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Minna Palmroth Present the Winner of the 2022 Millennium Technology Prize in Award Ceremony

Professor Minna Palmroth

Mr President, your excellencies – dear friends:

Serendipity. This is a word, which means finding valuable things without planning to do so. It’s based on the story of three princes of Serendip that made discoveries by accident.

My favourite story containing a great deal of serendipity tells about possibly the most impactful scientific discovery made during the last 250 years: The discovery of electricity.

In 1780s, in the University of Bologna, Italy, Professor Luigi Galvani was poking dead frogs. He noticed that sometimes the frogs miraculously twitched, although they were surely dead. He explained the phenomenon by a concept of animal electricity, the power that animated living organisms.

His contemporary, Professor Alessandro Volta disagreed. He explained the phenomenon by the presence of two different metals that generated the electricity. This explanation was right and served the basis for batteries as we know them now.

Some forty years later, in 1820s in London, England, Professor Michael Faraday discovered the way in which electricity could be industrially manufactured. Faraday was effectively self-learned, son of the blacksmith’s apprentice. Despite of his background, he became one of England’s greatest scientists of all times, discovering also electromagnetic induction, which we enjoy in our kitchens today. He also proved that there is no animal electricity. Only a single electricity exists, and the different group of phenomena are due to the changing values of quantity and intensity.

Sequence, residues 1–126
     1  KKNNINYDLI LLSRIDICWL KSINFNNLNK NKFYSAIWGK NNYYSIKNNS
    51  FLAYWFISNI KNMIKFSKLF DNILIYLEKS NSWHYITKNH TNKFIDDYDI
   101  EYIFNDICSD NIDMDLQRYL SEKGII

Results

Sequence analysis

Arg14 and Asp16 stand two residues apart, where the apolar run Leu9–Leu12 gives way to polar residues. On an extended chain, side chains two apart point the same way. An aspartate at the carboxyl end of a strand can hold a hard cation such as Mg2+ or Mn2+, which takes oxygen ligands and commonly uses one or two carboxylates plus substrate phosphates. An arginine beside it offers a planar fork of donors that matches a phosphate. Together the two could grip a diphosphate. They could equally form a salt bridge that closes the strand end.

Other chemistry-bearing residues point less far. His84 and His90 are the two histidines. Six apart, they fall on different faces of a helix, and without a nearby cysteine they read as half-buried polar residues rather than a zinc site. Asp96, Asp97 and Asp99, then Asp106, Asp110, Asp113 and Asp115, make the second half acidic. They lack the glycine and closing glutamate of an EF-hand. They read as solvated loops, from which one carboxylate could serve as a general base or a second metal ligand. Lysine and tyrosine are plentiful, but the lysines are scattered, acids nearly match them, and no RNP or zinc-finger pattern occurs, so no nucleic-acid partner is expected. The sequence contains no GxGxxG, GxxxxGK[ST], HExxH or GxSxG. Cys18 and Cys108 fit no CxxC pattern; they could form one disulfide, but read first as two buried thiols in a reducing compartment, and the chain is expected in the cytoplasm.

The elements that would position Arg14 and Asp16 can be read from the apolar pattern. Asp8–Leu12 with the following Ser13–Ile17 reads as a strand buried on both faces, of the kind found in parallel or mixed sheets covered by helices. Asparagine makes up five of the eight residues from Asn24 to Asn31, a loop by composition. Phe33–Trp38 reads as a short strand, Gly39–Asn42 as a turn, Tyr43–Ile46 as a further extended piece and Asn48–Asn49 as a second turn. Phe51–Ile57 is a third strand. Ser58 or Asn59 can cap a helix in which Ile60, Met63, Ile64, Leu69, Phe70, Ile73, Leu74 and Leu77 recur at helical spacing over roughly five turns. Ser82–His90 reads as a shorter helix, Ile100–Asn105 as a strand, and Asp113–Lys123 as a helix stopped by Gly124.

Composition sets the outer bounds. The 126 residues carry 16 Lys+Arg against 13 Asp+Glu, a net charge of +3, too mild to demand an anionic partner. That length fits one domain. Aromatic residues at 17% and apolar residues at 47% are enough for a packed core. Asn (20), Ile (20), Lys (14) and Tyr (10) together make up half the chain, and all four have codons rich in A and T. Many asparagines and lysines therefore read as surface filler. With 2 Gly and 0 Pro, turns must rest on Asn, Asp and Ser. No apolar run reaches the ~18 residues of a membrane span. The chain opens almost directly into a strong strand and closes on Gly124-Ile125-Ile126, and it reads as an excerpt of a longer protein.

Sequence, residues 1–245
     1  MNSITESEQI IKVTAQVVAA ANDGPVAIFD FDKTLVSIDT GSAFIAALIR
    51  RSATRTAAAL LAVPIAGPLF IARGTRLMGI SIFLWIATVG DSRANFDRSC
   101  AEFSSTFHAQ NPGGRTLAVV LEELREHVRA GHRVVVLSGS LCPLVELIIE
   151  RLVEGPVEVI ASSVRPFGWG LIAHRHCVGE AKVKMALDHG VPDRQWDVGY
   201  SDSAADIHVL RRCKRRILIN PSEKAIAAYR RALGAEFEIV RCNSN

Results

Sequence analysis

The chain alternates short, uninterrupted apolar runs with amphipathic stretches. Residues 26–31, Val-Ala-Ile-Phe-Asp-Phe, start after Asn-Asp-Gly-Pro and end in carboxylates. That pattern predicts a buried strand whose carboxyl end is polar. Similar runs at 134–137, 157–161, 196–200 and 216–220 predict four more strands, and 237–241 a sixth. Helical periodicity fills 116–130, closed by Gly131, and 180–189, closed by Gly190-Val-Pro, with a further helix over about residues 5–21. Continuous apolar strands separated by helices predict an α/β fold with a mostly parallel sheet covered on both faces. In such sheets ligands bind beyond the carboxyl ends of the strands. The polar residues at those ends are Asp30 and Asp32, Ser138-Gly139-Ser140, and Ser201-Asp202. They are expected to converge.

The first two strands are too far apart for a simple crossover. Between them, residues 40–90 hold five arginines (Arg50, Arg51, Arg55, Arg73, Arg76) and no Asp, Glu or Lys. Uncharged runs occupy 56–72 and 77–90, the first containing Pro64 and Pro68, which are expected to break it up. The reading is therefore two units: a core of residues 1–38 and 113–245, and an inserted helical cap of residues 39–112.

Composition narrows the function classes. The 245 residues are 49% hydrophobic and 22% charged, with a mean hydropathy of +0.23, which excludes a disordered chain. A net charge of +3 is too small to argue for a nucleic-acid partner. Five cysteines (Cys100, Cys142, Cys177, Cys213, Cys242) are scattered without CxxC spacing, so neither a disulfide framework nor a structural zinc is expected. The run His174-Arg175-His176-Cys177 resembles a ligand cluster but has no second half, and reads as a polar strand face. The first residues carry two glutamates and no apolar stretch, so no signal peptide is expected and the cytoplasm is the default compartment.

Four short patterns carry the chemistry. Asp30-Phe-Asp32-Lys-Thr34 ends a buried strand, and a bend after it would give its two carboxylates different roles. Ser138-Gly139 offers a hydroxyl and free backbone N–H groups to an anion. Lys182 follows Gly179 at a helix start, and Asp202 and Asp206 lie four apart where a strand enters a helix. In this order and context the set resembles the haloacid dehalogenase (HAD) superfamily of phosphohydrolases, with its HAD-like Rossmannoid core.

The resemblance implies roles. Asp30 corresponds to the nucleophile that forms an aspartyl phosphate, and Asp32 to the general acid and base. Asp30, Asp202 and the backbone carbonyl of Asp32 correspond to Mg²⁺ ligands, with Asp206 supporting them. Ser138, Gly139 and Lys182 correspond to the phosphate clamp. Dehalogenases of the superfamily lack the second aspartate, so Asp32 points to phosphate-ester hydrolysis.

The story of discovering electricity is a model example of how science works. There are observations, and erroneous explanations. The right answer is found after a long time, a lot of work and discussions. For spectators, it may seem utterly nonsensical, poking dead frogs for example. But for scientists it’s a quest of trials, errors, frustration, and the joy of finally understanding how things work.

For us Finns, Faraday’s modest background is inspirational.  The cornerstone of our education system is exactly that. Every single person counts, in such a small country. Therefore, background should not matter in educating oneself.

Basic science is an investment for a better future. Sometimes the risk is realised, and we never see any return. Sometimes, like in the case of discovering electricity, the return of investment is enormous.

It takes courage to support basic research especially in cases where the direct benefit is not self-evident. It takes grit – or sisu, as we say in Finland – to optimise and develop the fruits of basic research to commercially viable products. Sometimes this takes decades or even centuries.

The Millennium Technology Prize is aimed to celebrate the amazing technological discoveries that change the world. The patron of the Prize, the President of the Republic of Finland, has given the prize on innovations such as the world-wide web, enabling smart technologies, and the next generation DNA sequencing. These innovations ensure for example smartphones and quick vaccinations during pandemics.

Why is she talking about electricity, you might wonder. Because it is context to today’s Prize. Now, we will be celebrating the next chapter in the story of electricity. We are celebrating person, who has made his own definition for the concept of Green Transition.

Dear friends – I am honoured to announce the winner of the 2022 Millennium Technology Prize. The winning innovation has transformed the production of solar energy. The 2022 Millennium Technology Prize is given for the discovery and development of Passivated Emitter and Rear Cell, or PERC Silicon solar cell technology. The winner is Scientia Professor Martin Green from the University of New South Wales, in Sydney, Australia.

My warmest congratulations and admiration to you, Professor Martin Green.

Partners of the Millennium Technology Prize